A total of 1,213 HAV infections were reported. Among them, 952 (78.5%) were in patients with clinical symptoms consistent with acute hepatitis A. Of the 16 states in Germany, 13 participated in the intensified surveillance and contributed 1,037 (85.5%) of all reported infections and 816 (86%) of all reported symptomatic cases (maximal denominator for analysis). Additional case information sheets were available for 571 (70%) symptomatic cases. Serum samples positive for IgM against HAV were available for 189 (23.2%) cases; 95 (11.6%) were PCR positive.
A total of 74.6% of the cases were reported as single cases; the remainder were in recognized clusters. Among case-patients, 47.1% were male (Table 2); age range <1 to 90 years (median 32 years). Among nonadults, 81.1% were reported to have had jaundice. Among adults, the proportion of persons with jaundice decreased with age to 40.6% in persons >60 years of age.
Of case-patients, 46.4% were hospitalized for a median of 6 days (range 1–28 days). Among those with jaundice, no clear trend for age was found in 50.2% who were hospitalized. Among those without jaundice, the proportion of those hospitalized increased among persons >60 years of age (56.5%) when compared with that of younger persons (31.3%, relative risk [RR] 1.81, 95% confidence interval [CI] 1.35–2.41). Among those employed, absences from work ranged from 2 to 32 work days (median 6 days).
Overall, 43.6% of the infections were imported (i.e., infection acquired while traveling outside Germany). Nonadults (60.6% imported; p<0.001) and male patients (48.1% imported; p = 0.018) were overrepresented.
A migration background was reported by 42.2% of case-patients (78.8% of nonadults and 19.1% of adults), of whom 64.8% had been born in Germany. Among migration background, Turkey was reported most frequently (48.5%), followed by the former Yugoslavia (11.9%), southern and Southeast Asia (9.7%), and the former USSR (8.8%). Nonadults with a migration background lived with a larger number of household members (range 1–11 persons in addition to the case-patient, median 4) than those without a migration background (range 1–6 persons, median 3). Among adult case-patients, 5.2% were professional food handlers.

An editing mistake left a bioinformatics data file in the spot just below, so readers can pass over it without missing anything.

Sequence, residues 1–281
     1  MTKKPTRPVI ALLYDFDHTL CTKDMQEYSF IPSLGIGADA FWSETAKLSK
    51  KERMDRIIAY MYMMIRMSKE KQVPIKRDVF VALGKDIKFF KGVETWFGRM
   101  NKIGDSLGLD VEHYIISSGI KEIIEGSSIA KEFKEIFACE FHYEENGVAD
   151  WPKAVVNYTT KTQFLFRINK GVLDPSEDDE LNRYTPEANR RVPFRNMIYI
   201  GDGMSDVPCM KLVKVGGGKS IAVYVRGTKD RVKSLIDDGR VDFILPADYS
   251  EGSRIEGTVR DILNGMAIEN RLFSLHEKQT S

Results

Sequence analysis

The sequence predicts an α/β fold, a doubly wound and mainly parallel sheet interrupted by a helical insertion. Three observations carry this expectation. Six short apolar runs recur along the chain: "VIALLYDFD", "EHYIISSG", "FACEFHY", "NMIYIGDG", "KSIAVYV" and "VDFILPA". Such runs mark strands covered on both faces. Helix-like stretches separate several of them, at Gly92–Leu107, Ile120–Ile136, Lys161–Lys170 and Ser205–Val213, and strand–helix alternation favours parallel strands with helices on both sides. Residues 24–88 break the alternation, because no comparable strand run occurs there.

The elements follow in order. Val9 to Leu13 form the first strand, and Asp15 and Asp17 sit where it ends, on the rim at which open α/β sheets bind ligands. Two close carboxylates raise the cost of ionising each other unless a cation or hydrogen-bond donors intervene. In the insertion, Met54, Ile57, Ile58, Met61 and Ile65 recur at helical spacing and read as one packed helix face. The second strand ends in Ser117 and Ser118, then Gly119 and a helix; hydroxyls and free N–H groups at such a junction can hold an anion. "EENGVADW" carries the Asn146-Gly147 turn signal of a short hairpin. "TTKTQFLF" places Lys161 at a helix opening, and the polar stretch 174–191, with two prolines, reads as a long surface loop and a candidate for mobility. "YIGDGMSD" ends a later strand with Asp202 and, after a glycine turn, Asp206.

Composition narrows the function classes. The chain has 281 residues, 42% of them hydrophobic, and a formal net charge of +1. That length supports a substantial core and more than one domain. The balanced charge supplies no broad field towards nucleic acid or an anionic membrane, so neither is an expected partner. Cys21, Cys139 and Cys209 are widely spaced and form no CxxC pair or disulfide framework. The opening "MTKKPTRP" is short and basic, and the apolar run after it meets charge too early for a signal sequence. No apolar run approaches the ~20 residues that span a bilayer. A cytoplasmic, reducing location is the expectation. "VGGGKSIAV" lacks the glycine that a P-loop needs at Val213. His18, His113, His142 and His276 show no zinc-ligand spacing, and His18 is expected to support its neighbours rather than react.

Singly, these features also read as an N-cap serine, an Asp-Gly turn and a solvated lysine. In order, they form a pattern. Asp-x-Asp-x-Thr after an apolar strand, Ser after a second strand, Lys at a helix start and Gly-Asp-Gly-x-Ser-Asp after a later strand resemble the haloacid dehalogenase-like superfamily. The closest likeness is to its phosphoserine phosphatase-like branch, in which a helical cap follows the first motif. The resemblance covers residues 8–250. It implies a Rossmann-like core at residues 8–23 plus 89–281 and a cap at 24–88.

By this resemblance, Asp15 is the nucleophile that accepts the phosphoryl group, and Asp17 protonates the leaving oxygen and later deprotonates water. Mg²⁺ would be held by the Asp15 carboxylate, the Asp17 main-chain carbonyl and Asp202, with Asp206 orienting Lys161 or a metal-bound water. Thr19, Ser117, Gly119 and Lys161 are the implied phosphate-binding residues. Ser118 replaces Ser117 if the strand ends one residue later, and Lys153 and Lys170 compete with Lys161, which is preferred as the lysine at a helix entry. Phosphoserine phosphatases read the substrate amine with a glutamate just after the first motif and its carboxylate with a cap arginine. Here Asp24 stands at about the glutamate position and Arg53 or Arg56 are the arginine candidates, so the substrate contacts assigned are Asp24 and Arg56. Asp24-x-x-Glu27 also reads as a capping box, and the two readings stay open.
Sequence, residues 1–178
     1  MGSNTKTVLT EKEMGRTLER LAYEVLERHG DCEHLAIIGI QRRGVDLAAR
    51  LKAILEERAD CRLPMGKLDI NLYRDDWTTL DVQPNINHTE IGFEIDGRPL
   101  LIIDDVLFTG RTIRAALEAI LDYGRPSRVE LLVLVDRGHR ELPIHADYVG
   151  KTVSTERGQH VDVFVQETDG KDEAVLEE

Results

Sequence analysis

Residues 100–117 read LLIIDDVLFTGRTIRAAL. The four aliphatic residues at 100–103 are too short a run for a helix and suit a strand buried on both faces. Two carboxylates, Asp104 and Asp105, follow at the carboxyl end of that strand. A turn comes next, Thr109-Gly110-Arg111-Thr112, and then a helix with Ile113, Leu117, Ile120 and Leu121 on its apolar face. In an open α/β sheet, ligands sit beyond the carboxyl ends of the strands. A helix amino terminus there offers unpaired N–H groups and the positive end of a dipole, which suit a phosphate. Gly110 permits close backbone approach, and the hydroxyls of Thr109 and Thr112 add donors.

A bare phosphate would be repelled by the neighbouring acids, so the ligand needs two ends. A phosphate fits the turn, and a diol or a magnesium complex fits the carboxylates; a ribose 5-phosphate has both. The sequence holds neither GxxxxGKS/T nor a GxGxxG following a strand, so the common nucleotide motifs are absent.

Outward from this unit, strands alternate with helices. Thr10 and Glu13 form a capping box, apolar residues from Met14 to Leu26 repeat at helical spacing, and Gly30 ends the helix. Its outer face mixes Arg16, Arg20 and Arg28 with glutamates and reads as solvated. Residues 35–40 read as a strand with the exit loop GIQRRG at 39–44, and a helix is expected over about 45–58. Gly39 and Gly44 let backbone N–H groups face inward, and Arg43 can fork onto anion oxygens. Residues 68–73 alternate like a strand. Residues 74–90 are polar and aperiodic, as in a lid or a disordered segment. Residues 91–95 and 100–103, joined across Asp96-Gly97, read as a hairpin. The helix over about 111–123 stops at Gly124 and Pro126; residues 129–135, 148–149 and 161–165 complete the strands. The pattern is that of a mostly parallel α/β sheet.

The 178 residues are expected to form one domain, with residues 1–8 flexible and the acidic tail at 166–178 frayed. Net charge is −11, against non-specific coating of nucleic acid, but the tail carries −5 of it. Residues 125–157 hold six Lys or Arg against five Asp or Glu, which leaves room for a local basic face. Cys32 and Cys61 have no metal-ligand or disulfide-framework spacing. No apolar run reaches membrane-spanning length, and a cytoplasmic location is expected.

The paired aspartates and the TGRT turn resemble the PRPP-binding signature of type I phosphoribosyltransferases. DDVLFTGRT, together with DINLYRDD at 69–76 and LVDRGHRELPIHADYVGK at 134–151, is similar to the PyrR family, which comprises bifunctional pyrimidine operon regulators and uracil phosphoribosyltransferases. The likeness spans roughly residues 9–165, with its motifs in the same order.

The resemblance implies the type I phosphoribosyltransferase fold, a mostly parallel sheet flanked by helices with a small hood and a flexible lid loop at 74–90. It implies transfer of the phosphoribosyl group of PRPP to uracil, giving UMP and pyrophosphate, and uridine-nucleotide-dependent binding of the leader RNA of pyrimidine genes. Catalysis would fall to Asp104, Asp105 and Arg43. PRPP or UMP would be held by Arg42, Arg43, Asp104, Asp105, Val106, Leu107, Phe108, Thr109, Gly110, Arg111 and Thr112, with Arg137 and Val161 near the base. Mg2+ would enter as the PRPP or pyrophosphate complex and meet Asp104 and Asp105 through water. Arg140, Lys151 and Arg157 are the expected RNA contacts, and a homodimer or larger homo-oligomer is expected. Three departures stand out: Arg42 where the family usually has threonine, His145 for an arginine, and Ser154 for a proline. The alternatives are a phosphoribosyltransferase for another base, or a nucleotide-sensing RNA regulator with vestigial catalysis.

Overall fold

Imported Infections and Comparison with Autochthonous Infections
Among known destinations, Turkey (35.6%) was reported most frequently, followed by the former Yugoslavia, Egypt, and Spain (Table 3). Most affected case-patients (63.9%), especially nonadults (82%), had not traveled for vacation or business but had visited friends or family. Median duration of travel preceding infection was 29 days (range 1–180 days). Accommodations other than hotels (e.g., staying with friends or family) predominated (73.1%), especially among those visiting Turkey (91.9%) and the former Yugoslavia (94.1%). A total of 92.9% of those infected in Turkey and 76.2% of those infected in countries of the former Yugoslavia had matching migration backgrounds; only 3 (16.7%) of those infected in Egypt had matching migration backgrounds. Of case-patients with migration backgrounds who had become infected in these ancestral countries, 75.9% from Turkey, 87.5% from the former Yugoslavia, and 100% from Egypt were nonadults.
Imported infections were most likely to cause disease from August through October, and a prolonged wave of autochthonous infections then followed from October through March (Figure 1). Among imported infections, children and persons <20 years of age were overrepresented (70.2% from August through October vs. 33.9% in other months; p>0.001). Among autochthonous cases, incidence in children and persons <20 years of age increased 62% from September through February compared with March through August. Autochthonous cases in adults >40 years of age were almost evenly spread throughout the year.